Web-Based Tool Helps Predict Functional Outcomes After Prostate Cancer Treatment

By Marilynn Larkin

March 18, 2020

NEW YORK (Reuters Health) - A web-based tool can help predict functional outcomes for five years after treatment of localized prostate cancer with radical prostatectomy (RP), intensity-modulated radiation therapy (RT), or active surveillance, researchers say.

The tool, "A prediction model for domain scores for prostate cancer patients," is available at https://statez.shinyapps.io/PCDSPred/.

"This personalized tool incorporates age, race, prostate specific-antigen, biopsy grade, and pre-treatment baseline function to individualize the results," Dr. Aaron Laviana of Vanderbilt University Medical Center in Nashville told Reuters Health by email. "Functional outcomes look at erectile function, urinary incontinence, urinary irritative symptoms, and bowel and hormonal function using the EPIC-26 questionnaire."

Dr. Laviana and colleagues analyzed data from U.S. cancer registries on men diagnosed with localized prostate cancer in 2011-2012. The population was diverse with respect to age, race, and disease severity.

As reported in JAMA Oncology, 2,563 men completed a baseline survey and at least one subsequent survey (94.9%). Specifically, survey response rates were 89% at six months, 86% at 12 months, 78% at 36 months, and 70% at 60 months; 1,755 patients (68.4%) completed all surveys at every time point.

Twenty-six percent of men in the active surveillance cohort eventually underwent RP or EBRT, but were categorized as active surveillance.

The prediction models achieved a bias-corrected R-squared value of 0.386, indicating that the model explained 38.6% of the total variation of the domain scores for sexual function; values were 0.232 for the urinary incontinence domain; 0.183 for urinary irritative; 0.214 for bowel; and 0.309 for hormonal.

The authors state, "...Given the favorable long-term survival seen for localized prostate cancer, understanding patient-specific harms from treatment is critical, as is being able to assimilate this into a tool that is not overbearing to complete. Ideally, the more information we put into a model, the more reflective it is of an expected outcome, but after a certain point, the majority of the variation can be explained by the input provided."

Dr. Laviana said, "We hope this tool will be used along with our article published in the Journal of Urology in December 2019 (http://bit.ly/2TTL8GJ) in order to truly understand what the EPIC-26 scores mean. For example, if you score an 80 in sexual function, what is your probability of obtaining an erection sufficient for intercourse? Understanding these numbers is essential for knowing what to expect with treatment."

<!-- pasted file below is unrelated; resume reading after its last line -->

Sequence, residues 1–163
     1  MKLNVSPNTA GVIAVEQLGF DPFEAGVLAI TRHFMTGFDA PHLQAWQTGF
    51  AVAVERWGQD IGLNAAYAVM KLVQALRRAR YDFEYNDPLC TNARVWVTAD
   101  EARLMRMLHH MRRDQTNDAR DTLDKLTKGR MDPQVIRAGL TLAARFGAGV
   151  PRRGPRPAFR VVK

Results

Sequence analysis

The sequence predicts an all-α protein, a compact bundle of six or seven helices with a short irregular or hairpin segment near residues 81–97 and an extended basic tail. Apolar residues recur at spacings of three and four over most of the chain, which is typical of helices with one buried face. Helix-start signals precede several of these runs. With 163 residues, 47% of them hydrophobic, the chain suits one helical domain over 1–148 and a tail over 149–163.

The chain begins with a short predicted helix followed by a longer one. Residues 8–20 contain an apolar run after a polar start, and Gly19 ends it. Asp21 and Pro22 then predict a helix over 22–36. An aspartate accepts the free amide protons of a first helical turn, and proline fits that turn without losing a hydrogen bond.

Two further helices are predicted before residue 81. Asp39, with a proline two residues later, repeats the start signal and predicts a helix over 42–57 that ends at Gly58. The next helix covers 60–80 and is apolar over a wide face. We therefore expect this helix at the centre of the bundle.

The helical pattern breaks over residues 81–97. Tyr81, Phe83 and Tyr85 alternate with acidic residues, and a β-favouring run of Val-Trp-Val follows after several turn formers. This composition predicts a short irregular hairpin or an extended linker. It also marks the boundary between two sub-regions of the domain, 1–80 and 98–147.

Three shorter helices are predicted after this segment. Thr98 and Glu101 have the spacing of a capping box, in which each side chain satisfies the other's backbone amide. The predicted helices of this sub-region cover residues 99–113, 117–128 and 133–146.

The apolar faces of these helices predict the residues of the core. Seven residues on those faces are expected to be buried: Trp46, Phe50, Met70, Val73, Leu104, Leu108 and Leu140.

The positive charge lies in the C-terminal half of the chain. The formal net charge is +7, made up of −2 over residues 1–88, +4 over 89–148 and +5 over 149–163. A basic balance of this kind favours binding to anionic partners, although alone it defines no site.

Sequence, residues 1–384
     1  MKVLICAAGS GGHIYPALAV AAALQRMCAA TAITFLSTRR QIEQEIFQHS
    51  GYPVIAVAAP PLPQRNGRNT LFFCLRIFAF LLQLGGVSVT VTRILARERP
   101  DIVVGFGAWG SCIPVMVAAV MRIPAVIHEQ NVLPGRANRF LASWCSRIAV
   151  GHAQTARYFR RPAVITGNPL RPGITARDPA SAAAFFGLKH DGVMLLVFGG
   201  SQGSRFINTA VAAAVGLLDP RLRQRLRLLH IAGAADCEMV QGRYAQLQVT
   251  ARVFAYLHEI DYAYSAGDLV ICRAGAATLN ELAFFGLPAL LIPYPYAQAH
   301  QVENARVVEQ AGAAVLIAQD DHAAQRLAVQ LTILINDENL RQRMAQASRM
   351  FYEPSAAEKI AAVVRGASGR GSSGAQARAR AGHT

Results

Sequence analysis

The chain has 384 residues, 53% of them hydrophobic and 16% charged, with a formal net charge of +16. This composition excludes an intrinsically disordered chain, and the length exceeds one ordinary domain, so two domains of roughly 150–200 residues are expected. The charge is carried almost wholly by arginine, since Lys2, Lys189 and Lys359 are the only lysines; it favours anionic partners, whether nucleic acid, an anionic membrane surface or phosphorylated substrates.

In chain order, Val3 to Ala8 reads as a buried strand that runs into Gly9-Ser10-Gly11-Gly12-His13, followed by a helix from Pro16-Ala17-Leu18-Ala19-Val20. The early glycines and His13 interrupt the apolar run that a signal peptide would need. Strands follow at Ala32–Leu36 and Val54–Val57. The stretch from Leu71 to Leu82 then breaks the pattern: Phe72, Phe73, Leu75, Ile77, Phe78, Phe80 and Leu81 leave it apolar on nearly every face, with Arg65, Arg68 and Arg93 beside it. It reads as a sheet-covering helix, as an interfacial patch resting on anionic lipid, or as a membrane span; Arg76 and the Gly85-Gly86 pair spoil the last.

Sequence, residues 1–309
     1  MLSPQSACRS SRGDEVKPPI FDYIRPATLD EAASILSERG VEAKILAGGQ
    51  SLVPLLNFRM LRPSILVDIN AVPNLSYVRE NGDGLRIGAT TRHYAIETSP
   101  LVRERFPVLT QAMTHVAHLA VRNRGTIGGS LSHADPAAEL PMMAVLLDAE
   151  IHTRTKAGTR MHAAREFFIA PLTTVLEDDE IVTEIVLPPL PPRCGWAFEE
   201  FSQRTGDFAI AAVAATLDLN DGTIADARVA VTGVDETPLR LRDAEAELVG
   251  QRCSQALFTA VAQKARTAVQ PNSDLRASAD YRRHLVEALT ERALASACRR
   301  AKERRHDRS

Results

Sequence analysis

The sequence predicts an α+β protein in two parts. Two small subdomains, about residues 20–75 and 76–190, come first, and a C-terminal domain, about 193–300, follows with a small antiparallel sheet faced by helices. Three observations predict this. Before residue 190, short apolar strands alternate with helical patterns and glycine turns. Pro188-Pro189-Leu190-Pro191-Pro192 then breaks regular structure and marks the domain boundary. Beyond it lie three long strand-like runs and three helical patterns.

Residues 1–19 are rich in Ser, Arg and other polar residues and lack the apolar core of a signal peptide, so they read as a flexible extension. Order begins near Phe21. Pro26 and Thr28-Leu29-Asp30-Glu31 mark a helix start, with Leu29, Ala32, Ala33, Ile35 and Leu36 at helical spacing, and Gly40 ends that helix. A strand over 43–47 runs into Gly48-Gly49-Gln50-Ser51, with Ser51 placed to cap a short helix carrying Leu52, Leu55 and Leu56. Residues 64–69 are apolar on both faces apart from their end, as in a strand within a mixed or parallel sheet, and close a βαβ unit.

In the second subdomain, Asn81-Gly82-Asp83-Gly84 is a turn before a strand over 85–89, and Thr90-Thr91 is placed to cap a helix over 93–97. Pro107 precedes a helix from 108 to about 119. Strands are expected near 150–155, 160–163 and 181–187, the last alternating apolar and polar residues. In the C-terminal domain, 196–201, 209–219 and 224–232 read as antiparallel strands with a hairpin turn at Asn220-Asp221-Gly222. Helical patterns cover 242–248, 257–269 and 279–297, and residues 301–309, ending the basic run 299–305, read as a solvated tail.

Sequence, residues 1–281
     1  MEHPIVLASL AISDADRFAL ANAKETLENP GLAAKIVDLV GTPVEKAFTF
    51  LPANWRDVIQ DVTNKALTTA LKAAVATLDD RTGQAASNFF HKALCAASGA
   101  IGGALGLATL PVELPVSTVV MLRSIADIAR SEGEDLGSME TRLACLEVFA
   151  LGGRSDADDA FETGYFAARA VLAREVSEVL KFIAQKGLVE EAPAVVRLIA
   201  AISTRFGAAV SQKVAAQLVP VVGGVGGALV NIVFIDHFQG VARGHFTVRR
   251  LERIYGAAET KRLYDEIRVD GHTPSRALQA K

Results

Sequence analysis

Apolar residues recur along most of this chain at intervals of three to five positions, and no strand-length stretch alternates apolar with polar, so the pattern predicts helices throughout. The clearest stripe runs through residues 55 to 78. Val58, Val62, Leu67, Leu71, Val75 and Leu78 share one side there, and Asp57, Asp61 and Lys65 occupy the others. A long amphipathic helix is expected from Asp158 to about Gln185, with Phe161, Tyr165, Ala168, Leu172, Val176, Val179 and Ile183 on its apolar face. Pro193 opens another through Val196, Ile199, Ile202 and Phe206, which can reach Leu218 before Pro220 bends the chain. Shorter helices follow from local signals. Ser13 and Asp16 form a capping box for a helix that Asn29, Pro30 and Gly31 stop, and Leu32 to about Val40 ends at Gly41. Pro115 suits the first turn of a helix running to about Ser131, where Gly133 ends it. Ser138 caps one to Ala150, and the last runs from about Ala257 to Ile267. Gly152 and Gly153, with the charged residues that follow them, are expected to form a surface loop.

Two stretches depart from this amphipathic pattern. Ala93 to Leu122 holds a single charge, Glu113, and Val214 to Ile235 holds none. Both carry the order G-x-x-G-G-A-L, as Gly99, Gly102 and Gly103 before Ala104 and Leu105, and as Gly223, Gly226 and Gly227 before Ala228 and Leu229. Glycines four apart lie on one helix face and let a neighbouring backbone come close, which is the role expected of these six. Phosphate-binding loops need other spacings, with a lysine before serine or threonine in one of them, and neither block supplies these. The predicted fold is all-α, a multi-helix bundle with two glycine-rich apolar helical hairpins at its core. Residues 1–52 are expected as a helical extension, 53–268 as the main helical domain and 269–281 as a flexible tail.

"It is important to note that this tool will not guarantee a certain functional outcome after treatment as there are always individual circumstances that may arise with treatment," he added. "Our next step involves externally validating this tool with other large datasets."

Dr. Yung Lyou, a medical oncologist at City of Hope in Duarte, California, tried the tool, and while he thinks it's a good "first step," he has some reservations. "I see difficulty in our 70- to 80-year-old-patient using this computer app. It will give you an error message if you forget to fill in all 30-40 questions but not tell you what information is missing," so you have to scroll through to find out, he commented in an email to Reuters Health.

"Additionally, for the busy clinician, it takes about an extra 10-15 minutes to interview the patient and fill in all the information," he said. Plus, the differences between "good" versus "very good" and "poor" versus "very poor" are not clear.

"It would be most useful if it had fewer questions, and ones that were more objective," he said.

Further, he added, "the results... give you predicted percentages that you have to interpret. (The app) doesn't offer the easy-to-understand 'yes' or 'no' answers most patients or doctors would like on what is the better mode of treatment."

That said, he concluded, "I would say that this tool is a good first step in helping provide a framework for incorporating quality-of-life symptoms into the treatment-decision process."

SOURCE: http://bit.ly/2x48foM JAMA Oncology, online March 5, 2020.

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